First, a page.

Release Date March 19, 2018
For more than 20 years, the work of students has been meticulously catalogued in the pages of Intersight, the school's annually published journal of student work.
This year, students can watch the work of their peers evolve from concepts and drawings to models and plans through a new digital interface: Intersight.me. Randy Fernando, the 2017-18 Brunkow Fellow and editor of Intersight 20, developed the digital platform to open dialogue on the creative processes at work across the school.
"By exposing the diversity of design development experiences across the school, students are invited to reflect on the raw and intimate moments of intellectual thought being manifested into sketches, diagrams, models, text and discussions," says Fernando, a second-year student in the Master of Architecture program. "This notion allows the publication to live and breathe in a realm of conversation, reflection, and education."
The Intersight blog features work from all programs at the school, at the graduate and undergraduate levels. Each post features bold images of the projects and their progenitors at work, along with student-composed texts on the processes at play.
Fernando says the blog serves as a sort of digital preamble to the book, a space and forum for conversations to be incorporated into the final publication.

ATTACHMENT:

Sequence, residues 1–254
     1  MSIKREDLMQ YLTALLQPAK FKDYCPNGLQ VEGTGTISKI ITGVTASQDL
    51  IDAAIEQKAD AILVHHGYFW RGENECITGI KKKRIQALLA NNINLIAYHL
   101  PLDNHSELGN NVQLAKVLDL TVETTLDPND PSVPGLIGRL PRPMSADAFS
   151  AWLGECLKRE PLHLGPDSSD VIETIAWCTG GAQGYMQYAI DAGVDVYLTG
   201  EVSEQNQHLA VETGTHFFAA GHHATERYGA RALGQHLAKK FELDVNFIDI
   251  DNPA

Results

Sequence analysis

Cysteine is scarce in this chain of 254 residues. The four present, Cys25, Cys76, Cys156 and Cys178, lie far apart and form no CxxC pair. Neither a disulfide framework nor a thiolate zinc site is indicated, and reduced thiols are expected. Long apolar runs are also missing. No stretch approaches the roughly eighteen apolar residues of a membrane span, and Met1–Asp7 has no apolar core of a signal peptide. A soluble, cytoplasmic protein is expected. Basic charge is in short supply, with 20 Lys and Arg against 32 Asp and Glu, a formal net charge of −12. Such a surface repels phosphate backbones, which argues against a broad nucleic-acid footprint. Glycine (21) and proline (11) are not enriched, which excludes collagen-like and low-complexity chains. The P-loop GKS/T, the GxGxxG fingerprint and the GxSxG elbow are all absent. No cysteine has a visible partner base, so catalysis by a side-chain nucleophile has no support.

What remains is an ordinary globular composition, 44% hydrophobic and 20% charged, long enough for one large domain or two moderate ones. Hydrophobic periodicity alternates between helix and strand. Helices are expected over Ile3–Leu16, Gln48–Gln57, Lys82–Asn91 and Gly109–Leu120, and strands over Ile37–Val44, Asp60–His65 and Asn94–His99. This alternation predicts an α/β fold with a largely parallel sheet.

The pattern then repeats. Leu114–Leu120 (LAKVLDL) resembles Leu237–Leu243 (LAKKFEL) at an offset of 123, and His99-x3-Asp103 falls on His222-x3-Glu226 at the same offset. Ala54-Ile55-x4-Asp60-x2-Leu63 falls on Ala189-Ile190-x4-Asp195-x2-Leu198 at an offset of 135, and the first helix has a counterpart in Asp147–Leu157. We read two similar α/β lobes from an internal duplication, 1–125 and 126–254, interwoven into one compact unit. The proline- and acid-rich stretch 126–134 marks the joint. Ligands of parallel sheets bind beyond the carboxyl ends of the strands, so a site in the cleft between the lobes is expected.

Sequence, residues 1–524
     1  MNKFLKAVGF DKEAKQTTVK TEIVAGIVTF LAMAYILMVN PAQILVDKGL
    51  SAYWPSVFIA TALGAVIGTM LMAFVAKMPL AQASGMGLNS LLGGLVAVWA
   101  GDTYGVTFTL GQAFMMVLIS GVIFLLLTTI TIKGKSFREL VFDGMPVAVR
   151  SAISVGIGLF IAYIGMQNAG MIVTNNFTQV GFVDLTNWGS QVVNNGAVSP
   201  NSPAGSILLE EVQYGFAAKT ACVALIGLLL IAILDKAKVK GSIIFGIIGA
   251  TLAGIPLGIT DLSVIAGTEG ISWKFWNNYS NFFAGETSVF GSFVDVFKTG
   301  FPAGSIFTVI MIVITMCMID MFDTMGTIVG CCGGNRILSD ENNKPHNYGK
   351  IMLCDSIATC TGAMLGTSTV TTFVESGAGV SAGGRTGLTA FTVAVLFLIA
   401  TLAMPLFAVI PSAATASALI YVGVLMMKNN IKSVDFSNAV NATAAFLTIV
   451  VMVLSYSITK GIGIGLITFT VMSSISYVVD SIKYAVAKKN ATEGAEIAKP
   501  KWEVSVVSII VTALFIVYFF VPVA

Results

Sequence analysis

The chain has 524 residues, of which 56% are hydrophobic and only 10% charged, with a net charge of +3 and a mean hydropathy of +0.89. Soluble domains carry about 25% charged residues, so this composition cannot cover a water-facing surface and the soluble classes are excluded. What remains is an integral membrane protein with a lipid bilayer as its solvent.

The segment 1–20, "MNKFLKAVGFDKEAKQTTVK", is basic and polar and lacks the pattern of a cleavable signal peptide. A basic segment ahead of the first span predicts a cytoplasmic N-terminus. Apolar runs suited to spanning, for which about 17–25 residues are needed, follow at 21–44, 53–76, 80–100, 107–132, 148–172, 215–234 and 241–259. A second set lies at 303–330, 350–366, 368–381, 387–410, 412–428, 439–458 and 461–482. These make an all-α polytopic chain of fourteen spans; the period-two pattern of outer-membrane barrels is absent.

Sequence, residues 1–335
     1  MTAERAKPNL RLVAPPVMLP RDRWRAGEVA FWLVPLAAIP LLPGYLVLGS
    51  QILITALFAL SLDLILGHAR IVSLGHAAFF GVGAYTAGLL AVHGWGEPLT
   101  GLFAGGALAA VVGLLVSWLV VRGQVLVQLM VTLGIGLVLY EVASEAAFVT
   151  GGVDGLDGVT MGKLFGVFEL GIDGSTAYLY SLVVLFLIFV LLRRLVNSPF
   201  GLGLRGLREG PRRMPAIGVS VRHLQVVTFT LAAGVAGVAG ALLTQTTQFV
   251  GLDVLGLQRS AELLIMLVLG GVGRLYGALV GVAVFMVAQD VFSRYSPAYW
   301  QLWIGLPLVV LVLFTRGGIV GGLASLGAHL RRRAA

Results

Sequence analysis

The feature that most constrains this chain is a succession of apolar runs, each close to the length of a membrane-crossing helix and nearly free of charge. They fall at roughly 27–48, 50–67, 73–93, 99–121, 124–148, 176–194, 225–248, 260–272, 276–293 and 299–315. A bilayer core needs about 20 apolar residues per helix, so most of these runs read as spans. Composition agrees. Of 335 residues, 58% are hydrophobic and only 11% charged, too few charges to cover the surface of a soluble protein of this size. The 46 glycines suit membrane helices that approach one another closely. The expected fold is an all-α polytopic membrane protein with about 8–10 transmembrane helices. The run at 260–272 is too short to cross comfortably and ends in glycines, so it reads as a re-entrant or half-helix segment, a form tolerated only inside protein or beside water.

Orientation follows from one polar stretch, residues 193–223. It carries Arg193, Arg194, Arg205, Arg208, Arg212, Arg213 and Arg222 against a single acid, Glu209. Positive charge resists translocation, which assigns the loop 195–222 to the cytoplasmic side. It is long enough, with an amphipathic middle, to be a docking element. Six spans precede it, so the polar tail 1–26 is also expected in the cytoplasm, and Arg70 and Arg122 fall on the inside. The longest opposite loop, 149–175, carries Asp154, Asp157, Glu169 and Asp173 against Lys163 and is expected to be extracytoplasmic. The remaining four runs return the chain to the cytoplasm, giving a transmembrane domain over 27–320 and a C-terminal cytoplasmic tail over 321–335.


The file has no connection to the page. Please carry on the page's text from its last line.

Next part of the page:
Pushing the conversation both online and off, Fernando organizes weeky coffee chats at the Daily Grind cafe on Main Street. Drawing from submissions to the blog, students juxtapose projects to consider intersections of methodology, form and content.
His behind-the-scenes look into the creative process extends to the student's most personal space: the desktop. The book's "Desktop Series" will document workspaces from the studio desk to computer workstations as raw displays of process and methods of working.
Arguing the process is ultimately experience, Fernando says Intersight 20 is ultimately a reflection on the pedagogy of the school. "Intersight 20 will offer a detailed look into the culture of the school, and how smaller interactions shape the overall impact of our learning environment."